• Illustration: Olivia Storm
THERE ARE LIFE SKILLS important for day-to-day existence, and there are life skills developed solely to impress and amaze those around you. The "booty clap" belongs in the second category.

When I signed up for Ecdysiast's beginner pole dancing fitness class, I figured I'd learn a few of the basic acrobatic skills practiced by the many talented members of Portland's stripper community, but I HAD NO IDEA I'd also be taught the signature move of twerkers everywhere: the booty clap. For the sadly ignorant, a booty clap (actually called "The Dorothy" by those in the know) is where the practitioner sticks her/his bottom out in a seductive manner, and "claps" the cheeks together furiously for erotic effect. (Note: I realize my description sounds somewhat less than erotic.)

Once thought of as a fitness regimen practiced solely by erotic performers, pole dancing is gaining popularity at light speed among urban professionals, performing artists (dancers, aerialists, circus folk), and of course, those looking to add a bit more "sexy" to their lives. As for me, I grow quickly bored with most workout routines, and I'm always on the lookout for a new exercising experience, especially one that tests and challenges new muscle groups. But is pole dancing a good fit for non-strippers? And especially dude non-strippers?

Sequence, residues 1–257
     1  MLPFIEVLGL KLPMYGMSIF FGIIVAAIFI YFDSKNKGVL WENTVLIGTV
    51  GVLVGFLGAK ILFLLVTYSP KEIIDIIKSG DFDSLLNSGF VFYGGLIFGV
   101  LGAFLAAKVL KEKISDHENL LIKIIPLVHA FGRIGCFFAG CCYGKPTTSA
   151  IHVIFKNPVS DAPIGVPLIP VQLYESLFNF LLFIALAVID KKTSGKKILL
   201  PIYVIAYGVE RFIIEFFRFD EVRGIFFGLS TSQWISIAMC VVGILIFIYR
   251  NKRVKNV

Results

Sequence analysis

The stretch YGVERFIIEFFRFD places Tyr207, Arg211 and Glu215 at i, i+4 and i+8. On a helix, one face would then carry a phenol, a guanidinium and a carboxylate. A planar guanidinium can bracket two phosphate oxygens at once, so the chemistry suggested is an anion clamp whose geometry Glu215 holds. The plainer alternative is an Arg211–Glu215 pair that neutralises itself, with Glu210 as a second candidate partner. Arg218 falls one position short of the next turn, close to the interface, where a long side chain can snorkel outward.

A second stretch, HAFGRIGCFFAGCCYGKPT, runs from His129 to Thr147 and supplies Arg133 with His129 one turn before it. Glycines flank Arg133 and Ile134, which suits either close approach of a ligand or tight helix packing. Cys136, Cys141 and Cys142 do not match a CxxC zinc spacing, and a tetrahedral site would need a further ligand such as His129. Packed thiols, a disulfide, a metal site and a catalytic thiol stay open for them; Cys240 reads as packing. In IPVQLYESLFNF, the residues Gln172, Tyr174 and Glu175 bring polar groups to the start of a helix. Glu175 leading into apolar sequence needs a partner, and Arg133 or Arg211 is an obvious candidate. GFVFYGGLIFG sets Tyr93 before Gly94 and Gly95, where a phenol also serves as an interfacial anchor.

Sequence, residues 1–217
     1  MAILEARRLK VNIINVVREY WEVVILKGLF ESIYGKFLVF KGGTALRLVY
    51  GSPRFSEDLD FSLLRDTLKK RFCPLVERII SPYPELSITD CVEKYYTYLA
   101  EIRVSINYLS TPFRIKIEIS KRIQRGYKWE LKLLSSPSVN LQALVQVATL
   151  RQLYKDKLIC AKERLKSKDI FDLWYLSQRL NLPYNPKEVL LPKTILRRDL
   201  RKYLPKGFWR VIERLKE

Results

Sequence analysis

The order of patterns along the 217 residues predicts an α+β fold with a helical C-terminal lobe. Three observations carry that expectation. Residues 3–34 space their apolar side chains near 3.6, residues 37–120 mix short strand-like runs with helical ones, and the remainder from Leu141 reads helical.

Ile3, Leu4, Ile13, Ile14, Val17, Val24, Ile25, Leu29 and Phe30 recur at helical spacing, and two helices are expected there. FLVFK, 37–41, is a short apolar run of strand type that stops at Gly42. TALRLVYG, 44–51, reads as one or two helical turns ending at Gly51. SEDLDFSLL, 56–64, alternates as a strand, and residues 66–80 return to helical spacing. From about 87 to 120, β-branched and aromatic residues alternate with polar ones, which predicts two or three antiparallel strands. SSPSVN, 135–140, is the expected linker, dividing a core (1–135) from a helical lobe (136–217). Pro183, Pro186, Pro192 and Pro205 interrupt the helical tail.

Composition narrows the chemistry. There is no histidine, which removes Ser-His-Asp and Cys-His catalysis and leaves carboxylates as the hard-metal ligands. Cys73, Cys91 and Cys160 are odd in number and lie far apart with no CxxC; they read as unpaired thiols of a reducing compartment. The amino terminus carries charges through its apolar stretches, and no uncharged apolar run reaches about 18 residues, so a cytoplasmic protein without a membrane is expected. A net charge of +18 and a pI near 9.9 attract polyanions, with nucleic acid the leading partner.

Thursday, December 11, 2014

Here are the Dire Results of Multnomah County's Health Disparity "Report Card."

Posted by Dirk VanderHart on Thu, Dec 11, 2014 at 7:54 AM

The Multnomah County Health Department is releasing a "report card" this morning that offers a snapshot of the disparities between white Multnomah Countians and minority populations in the county. You can guess what the results are.